Sweden supported IOM project promotes community stabilization

Harare, 14 November 2016 – today IOM Zimbabwe hosted a close out meeting to officially conclude the Swedish Government funded project entitled “Responding to the Immediate and Residual Needs of the Vulnerable Migrants and Mobile Population Groups in Zimbabwe”.IMG_20161114_104117.jpg

 Under the project IOM provided humanitarian assistance to 2,454 households with 1,500 tarpaulins for temporary shelters, 2000 blankets, 255 Non Food Item packs and cash transfers, establishment of 3 Resource Support Centres at border posts and assisted 35,000 returned migrants with food, medical treatment and transportation.

In her remarks, Ms Lily Sanya, IOM Zimbabwe Chief of Mission said, “IOM remains committed to supporting the government and migration affected communities particularly in the areas of environment and resilience which have become the pillars for sustainable development.”

The project was funded by the Swedish International Development and Co-operation Agency (Sida) and was implemented from January 2014 to March 2016 with the objective to contribute to a comprehensive community stabilization and resilience building for internally displaced persons and other vulnerable migrants.  

Speaking at the same occasion, Ms Maria Selin, the Head of Development Cooperation at the Swedish Embassy, affirmed that Sweden has a strong history of global co-operation on migration and development. She said, “Our ambition has been to, in partnership with IOM Zimbabwe, ensure mobile and vulnerable population groups that have been facing a lot of challenges for some time can achieve durable solutions.”

In line with development frameworks for Zimbabwe, the project contributed to the Zimbabwe United Nations Development Framework (ZUNDAF) and the Zimbabwe Agenda for Sustainable Socio-Economic Transformation (ZimAsset) priority areas such as; agriculture and livelihoods (through mechanized conservation agriculture micro-irrigation and enterprise  development), population and social services (through education, Water, Sanitation and Hygiene (WASH), health projects), justice and governance themes through Community Based Planning (CBP).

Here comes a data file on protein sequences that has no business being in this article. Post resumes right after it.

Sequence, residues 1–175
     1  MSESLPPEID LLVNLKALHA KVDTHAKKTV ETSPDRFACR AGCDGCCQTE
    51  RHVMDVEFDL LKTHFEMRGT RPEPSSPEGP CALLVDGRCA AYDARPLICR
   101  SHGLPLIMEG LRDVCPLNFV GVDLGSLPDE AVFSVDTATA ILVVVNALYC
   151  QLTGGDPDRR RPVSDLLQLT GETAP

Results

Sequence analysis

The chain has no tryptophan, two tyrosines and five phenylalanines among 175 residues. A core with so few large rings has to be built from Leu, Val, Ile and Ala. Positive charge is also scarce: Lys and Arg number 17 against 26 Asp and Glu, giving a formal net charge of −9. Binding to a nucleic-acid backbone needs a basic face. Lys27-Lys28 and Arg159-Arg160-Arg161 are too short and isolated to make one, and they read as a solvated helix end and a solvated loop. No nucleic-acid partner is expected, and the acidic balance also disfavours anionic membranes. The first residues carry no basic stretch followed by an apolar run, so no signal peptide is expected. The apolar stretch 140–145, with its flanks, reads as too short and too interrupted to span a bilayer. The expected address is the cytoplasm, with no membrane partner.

A community participatory planning tool, the Community Based Planning was implemented and has been institutionalized at district, provincial and national levels to involve actual community members to plan and prioritize development initiatives for their respective communities.

Under transition and community stabilization, IOM in collaboration with the Government of Zimbabwe, supported communities in establishing three climate smart irrigation schemes, constructing and rehabilitating of 5 cattle dip tanks and provision of 8 community boreholes. Access to basic social services was improved through construction of 2 health centres and capacity building of over 200 health staff. School infrastructure at 7 schools was improved through construction of 2 classroom blocks, provision of 2 teachers ‘houses, 5 institutional boreholes and sanitation facilities at 7 schools.

The meeting, attended by officials from the Swedish Embassy, Government of Zimbabwe, UN agencies, Civil Society Organizations, representatives from benefiting district authority and community, and the media, allowed reflecting on achievements, challenges and lessons learnt of the project. It also served as a forum for cross-section of the media and other stakeholders to discuss IOM Zimbabwe’s strategic direction to consolidate the gains in order to respond to emerging migration related issues.